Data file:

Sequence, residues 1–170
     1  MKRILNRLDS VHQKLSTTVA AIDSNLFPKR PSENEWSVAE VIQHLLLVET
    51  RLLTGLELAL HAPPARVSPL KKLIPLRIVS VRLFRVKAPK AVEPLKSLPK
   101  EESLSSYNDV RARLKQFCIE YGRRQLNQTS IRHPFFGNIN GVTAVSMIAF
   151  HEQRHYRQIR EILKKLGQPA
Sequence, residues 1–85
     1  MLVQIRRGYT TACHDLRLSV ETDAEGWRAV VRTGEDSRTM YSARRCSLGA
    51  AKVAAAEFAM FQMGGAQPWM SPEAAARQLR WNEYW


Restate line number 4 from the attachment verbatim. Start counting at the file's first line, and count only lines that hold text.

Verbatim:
   101  EESLSSYNDV RARLKQFCIE YGRRQLNQTS IRHPFFGNIN GVTAVSMIAF